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Overview

Framework:
RQF
Level:
Level 2
Unit No:
H/615/9252
Credits:
4
Guided learning hours:
36 hours

Assessment Guidance

Candidates may choose to focus on a children or young people in a specific age range when meeting the assessment criteria for this unit.The unit is assessed by portfolio of evidence.

Aim

The aim of this unit is to find out how to provide safe and effective activities for children and young people. This includes planning and reviewing different types of activities.

Unit Learning Outcomes

1

Understand the role of activity provision in children’s and young people’s settings.

The value of providing activities may include:

  • physical development - promotes fine and gross motor skills, encourages co-ordination
  • social and emotional - encourages working together, taking turns, fun, challenging
  • cognitive and language - encourages concentration, creative thinking, develops language.

Different types of activities may include:

  • indoor - crafts, leisure centre, games
  • outdoor - sport, exploring the environment, visits.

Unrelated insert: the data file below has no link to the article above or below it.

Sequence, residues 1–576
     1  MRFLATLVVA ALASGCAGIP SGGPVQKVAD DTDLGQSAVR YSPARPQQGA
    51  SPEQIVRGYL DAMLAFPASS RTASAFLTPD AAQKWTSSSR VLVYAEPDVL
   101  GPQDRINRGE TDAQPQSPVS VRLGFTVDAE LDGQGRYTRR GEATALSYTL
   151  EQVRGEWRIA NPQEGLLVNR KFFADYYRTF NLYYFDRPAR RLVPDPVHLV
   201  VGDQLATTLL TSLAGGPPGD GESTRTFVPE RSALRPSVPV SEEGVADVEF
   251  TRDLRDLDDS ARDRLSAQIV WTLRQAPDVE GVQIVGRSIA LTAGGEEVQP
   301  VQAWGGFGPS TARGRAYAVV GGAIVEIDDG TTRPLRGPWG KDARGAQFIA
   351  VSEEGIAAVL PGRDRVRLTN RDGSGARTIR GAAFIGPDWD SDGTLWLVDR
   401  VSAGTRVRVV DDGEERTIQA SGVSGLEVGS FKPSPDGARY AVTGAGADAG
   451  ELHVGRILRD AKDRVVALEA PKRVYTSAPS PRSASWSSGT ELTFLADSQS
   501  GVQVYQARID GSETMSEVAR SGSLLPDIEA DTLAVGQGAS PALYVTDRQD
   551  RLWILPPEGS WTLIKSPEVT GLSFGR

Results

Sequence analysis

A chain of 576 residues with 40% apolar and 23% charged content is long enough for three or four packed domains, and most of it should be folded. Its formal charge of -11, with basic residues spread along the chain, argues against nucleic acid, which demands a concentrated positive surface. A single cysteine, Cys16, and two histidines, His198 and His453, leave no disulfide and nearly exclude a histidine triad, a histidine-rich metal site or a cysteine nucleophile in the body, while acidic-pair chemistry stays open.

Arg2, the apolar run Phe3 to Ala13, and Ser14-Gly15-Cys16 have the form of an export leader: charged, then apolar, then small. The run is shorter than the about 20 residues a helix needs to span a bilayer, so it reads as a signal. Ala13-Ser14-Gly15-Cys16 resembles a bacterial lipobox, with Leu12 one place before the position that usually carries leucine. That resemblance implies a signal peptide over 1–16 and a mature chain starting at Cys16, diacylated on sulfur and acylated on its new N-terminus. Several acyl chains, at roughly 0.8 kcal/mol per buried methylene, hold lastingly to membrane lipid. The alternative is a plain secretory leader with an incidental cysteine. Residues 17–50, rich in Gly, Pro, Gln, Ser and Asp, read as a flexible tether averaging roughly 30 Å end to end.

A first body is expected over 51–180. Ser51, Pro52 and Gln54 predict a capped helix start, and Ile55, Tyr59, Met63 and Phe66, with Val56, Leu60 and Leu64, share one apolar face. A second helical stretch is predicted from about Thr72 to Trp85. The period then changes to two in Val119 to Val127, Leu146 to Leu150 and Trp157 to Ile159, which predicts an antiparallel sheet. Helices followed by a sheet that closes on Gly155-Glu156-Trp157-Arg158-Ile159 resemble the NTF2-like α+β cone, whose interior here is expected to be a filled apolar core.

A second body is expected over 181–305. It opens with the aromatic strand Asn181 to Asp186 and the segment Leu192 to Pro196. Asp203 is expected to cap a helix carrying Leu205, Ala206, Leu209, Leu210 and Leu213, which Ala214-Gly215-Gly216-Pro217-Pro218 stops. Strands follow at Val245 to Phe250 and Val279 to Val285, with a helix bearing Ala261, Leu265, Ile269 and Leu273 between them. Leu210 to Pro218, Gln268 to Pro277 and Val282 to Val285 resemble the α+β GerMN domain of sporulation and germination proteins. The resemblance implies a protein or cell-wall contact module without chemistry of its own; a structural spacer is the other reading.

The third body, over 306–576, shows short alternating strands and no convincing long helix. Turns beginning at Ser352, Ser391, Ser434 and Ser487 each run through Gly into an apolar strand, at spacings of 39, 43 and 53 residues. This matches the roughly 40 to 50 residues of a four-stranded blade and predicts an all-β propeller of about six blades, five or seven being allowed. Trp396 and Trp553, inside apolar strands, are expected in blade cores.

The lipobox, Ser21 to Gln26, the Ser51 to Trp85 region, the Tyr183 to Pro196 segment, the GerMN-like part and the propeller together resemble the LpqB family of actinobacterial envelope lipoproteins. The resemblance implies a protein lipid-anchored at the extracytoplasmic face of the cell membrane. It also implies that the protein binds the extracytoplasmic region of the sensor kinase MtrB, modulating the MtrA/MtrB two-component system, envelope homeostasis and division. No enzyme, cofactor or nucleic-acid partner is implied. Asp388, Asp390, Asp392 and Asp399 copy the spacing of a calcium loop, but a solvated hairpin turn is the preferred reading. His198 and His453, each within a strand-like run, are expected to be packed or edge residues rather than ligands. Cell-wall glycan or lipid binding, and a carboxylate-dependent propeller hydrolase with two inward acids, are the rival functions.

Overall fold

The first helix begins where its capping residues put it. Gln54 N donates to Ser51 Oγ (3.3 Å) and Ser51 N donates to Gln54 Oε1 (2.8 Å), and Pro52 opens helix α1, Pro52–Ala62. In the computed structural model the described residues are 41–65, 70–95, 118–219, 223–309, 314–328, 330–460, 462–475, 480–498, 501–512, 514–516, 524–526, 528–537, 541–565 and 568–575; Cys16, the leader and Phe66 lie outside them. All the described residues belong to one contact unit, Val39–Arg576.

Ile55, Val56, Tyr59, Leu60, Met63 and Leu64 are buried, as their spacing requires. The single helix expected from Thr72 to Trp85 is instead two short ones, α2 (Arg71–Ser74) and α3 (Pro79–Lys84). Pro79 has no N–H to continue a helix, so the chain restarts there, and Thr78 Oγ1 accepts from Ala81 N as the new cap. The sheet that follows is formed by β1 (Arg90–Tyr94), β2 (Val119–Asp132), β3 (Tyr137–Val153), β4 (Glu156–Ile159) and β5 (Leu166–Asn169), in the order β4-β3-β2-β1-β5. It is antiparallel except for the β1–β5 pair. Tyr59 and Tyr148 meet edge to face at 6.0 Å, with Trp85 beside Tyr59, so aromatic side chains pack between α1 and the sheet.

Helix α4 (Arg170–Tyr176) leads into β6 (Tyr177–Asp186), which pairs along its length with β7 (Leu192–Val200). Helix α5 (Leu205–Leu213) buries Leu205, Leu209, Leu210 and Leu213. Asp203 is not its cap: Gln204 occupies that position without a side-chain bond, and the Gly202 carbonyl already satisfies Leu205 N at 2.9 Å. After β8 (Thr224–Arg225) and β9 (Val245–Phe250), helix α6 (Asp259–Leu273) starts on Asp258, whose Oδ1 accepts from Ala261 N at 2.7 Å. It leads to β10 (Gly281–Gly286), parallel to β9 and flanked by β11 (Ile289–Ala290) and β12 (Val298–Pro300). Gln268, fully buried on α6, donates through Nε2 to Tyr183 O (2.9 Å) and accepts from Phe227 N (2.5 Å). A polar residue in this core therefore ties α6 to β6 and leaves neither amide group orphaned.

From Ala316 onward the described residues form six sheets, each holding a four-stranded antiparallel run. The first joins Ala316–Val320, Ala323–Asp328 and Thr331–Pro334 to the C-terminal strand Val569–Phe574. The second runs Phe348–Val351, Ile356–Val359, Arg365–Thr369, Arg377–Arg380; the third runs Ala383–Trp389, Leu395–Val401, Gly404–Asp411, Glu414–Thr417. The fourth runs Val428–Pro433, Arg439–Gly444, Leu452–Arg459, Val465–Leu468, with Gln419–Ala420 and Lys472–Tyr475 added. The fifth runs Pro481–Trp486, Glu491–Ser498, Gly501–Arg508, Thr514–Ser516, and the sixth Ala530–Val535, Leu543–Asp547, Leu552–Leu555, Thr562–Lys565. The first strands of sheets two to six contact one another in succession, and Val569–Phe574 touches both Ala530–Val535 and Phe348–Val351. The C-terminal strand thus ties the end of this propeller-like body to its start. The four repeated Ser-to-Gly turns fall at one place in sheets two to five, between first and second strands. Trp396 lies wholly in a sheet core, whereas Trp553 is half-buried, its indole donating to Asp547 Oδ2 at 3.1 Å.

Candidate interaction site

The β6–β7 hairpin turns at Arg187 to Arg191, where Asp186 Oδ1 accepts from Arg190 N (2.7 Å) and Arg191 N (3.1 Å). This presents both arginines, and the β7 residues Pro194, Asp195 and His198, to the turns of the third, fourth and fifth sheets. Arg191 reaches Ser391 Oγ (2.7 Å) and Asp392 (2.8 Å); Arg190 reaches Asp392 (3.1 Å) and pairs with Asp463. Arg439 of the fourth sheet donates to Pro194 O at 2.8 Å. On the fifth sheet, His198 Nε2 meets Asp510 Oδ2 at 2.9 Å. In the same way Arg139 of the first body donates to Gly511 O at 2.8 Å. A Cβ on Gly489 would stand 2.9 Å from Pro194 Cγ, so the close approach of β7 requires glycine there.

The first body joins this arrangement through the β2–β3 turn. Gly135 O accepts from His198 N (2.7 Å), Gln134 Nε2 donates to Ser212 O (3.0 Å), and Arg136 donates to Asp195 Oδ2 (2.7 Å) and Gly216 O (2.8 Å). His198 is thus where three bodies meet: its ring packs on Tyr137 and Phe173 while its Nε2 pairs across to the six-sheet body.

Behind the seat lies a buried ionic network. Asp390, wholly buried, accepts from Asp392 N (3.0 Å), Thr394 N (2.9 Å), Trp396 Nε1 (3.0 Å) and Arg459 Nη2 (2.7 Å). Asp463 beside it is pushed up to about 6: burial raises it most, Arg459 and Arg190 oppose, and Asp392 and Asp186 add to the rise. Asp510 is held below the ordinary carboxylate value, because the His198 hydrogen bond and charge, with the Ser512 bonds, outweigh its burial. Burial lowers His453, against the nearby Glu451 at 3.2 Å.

Assessment Criteria

  • 1.1
    Explain the value of providing activities in children’s and young people’s settings.
  • 1.2
    Outline the different sorts of activities suitable for a specific age group and the ways in which the children or young people would benefit from taking part.

2

Know how to select activities for children and young people.

Ways to identify suitable activities for children may include:


  • matching age and stage of development to different activities
  • asking children and young  people what they are interested in
  • matching activities to resources available
  • environmental factors e.g weather conditions.

Ways to support children and young people to select themselves may include:


  • providing a range of resources for them to choose from
  • ask questions to find out what they are interested in
  • listen to their suggestions.

Assessment Criteria

  • 2.1
    Explain how to identify suitable activities for individuals or groups of children or young people.
  • 2.2
    Outline ways to support children or young people to select suitable activities for themselves.

3

Be able to plan an activity for children or young people.

Materials and equipment may include:


  • craft equipment and  materials
  • sports equipment
  • board games
  • cooking ingredients and utensils.

Health and safety considerations may include:


  • wearing personal protective equipment
  • checking  materials are safe to use eg non toxic
  • carrying out a risk assessment on the environment.

Learners need to give examples of how they will minimise health and safety risks when carrying out activities.

Learners must also demonstrate their ability to plan an appropriate activity in order to achieve this outcome.

Assessment Criteria

  • 3.1
    Identify materials and equipment required for a specific activity.
  • 3.2